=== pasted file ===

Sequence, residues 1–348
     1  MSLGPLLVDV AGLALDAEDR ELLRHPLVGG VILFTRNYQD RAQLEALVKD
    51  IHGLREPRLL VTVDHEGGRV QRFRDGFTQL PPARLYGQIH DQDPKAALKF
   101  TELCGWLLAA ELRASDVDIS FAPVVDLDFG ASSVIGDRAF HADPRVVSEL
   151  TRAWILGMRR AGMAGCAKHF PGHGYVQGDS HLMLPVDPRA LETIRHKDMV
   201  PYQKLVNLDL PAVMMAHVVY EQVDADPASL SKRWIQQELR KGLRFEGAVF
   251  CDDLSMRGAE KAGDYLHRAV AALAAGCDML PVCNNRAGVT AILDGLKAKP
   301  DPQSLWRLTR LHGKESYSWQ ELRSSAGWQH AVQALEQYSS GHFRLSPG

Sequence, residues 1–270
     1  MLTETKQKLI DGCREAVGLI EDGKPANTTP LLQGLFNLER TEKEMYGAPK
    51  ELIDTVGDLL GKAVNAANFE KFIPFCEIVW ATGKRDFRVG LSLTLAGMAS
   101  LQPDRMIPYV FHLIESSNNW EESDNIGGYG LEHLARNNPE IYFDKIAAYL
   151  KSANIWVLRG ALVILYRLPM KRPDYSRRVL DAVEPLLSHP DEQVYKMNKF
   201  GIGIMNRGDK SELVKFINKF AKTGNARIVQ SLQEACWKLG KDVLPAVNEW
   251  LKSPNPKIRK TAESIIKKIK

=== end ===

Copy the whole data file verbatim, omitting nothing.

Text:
Sequence, residues 1–348
     1  MSLGPLLVDV AGLALDAEDR ELLRHPLVGG VILFTRNYQD RAQLEALVKD
    51  IHGLREPRLL VTVDHEGGRV QRFRDGFTQL PPARLYGQIH DQDPKAALKF
   101  TELCGWLLAA ELRASDVDIS FAPVVDLDFG ASSVIGDRAF HADPRVVSEL
   151  TRAWILGMRR AGMAGCAKHF PGHGYVQGDS HLMLPVDPRA LETIRHKDMV
   201  PYQKLVNLDL PAVMMAHVVY EQVDADPASL SKRWIQQELR KGLRFEGAVF
   251  CDDLSMRGAE KAGDYLHRAV AALAAGCDML PVCNNRAGVT AILDGLKAKP
   301  DPQSLWRLTR LHGKESYSWQ ELRSSAGWQH AVQALEQYSS GHFRLSPG

Sequence, residues 1–270
     1  MLTETKQKLI DGCREAVGLI EDGKPANTTP LLQGLFNLER TEKEMYGAPK
    51  ELIDTVGDLL GKAVNAANFE KFIPFCEIVW ATGKRDFRVG LSLTLAGMAS
   101  LQPDRMIPYV FHLIESSNNW EESDNIGGYG LEHLARNNPE IYFDKIAAYL
   151  KSANIWVLRG ALVILYRLPM KRPDYSRRVL DAVEPLLSHP DEQVYKMNKF
   201  GIGIMNRGDK SELVKFINKF AKTGNARIVQ SLQEACWKLG KDVLPAVNEW
   251  LKSPNPKIRK TAESIIKKIK